For some time there has been a divergence of opinion between the Australian Taxation Office (ATO) and taxpayers (and their advisers) as to the scope of the common law privilege that attaches to communications between a lawyer and their client for the purpose of providing legal advice, commonly referred to as Legal Professional Privilege (LPP).
LPP applies to prevent documents being obtained by the Commissioner under his formal information gathering powers and thus is an important curtailment of the Commissioner’s otherwise extensive information gathering powers.
At the National Tax Liaison Group (NTLG) meeting held in November last year (the minutes in respect of which were released this week), the ATO outlined concerns it has with the approach being taken by certain firms in relation to claims for LPP over documents sought in connection with an ATO review or audit, particularly in relation to a transaction.
A key aspect of the ATO’s concern appears to relate to non-lawyers providing advice or being primarily responsible for a matter and having a legal practitioner involved to claim that any such advice is subject to LPP. Specifically, the ATO has concerns with:
Engagements conducted in all real senses by a non-lawyer (from instigation of the engagement/transaction to its delivery), with the primary role of the legal practitioner being to ‘rubber stamp’ the 'deliverable'. The lawyer’s involvement is minimal at best and often only late in the piece, often at the direction of the non-lawyer.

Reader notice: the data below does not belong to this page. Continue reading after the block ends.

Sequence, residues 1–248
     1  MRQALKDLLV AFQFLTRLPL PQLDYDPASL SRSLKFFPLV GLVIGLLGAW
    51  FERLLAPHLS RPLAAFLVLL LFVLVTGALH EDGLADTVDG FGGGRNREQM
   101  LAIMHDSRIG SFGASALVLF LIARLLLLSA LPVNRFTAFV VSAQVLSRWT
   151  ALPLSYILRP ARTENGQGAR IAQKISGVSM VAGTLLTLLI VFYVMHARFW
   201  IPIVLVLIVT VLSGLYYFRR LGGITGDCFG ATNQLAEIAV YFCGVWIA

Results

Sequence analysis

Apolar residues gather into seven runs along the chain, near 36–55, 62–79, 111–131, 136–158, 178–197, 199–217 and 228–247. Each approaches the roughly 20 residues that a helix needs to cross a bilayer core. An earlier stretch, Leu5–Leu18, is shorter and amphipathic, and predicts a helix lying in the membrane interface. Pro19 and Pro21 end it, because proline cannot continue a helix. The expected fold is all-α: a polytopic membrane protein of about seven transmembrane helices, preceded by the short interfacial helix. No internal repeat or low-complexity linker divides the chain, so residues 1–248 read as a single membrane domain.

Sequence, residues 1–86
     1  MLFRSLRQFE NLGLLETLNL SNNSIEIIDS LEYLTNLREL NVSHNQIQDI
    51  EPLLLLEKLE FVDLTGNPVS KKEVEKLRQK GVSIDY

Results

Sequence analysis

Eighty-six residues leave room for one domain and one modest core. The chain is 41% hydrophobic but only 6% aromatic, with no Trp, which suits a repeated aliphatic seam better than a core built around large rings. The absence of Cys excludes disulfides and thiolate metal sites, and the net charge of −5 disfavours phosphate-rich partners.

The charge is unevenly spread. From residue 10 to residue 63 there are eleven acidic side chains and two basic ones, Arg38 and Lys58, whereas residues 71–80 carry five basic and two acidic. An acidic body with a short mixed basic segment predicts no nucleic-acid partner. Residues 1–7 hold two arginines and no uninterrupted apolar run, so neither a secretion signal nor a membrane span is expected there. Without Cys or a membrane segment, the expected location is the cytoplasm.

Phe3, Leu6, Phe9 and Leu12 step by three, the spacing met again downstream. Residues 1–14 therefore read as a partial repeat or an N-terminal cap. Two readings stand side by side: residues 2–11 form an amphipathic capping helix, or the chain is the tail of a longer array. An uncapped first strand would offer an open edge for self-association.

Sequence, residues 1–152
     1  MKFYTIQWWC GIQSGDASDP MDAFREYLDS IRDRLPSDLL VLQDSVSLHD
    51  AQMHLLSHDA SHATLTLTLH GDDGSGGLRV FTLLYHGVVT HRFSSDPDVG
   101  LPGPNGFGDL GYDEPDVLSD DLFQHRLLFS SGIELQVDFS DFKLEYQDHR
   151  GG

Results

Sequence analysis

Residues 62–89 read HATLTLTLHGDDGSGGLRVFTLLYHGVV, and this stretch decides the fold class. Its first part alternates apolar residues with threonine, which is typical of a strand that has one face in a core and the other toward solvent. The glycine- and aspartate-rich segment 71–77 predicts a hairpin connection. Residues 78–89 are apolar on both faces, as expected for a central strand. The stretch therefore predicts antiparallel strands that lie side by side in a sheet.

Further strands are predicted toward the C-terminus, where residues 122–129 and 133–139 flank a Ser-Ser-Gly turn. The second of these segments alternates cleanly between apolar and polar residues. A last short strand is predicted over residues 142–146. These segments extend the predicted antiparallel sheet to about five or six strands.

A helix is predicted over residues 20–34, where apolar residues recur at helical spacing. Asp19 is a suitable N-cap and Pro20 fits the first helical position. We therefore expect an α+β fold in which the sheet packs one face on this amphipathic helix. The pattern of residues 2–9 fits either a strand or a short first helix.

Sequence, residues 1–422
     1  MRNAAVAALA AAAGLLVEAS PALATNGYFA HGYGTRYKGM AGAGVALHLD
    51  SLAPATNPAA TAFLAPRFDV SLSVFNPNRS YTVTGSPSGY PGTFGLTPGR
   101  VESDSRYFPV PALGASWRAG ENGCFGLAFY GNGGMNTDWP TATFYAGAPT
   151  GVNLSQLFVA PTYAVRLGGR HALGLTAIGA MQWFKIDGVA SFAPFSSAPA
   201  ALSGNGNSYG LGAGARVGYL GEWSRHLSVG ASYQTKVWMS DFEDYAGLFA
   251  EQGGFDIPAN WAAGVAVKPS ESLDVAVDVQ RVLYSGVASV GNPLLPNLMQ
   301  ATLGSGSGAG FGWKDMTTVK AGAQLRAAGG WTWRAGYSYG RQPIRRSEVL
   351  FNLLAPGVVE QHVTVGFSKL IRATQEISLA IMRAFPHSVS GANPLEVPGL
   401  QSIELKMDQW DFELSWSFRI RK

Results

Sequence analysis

The ATO is also concerned that broad claims of privilege are being made without any regard to the nature of the documents being claimed to be privileged. To be subject to LPP, the document must have been created in connection with a legal practitioner providing legal advice.
In a clear warning to the tax profession, the ATO has claimed that instances where an adviser seeks to assert LPP over documents without sufficient work being done to substantiate such a claim may lead to the ATO taking action against the adviser.
The ATO also suggest that LPP is being used to hide what it claims is fraudulent behaviour relating to advisers proving ‘commercial’ reasons for a transaction.
The ATO states that there will be a ‘range of cases in the short to medium term’ testing the scope of LPP – indeed, the High Court is due to hear a case involving the ATO and the scope of LPP. So for taxpayers it’s a case of wait and see, but in the meantime paying particular attention to the protocols regarding obtaining legal advice and considering whether the team delivering that advice is entitled to LPP is prudent.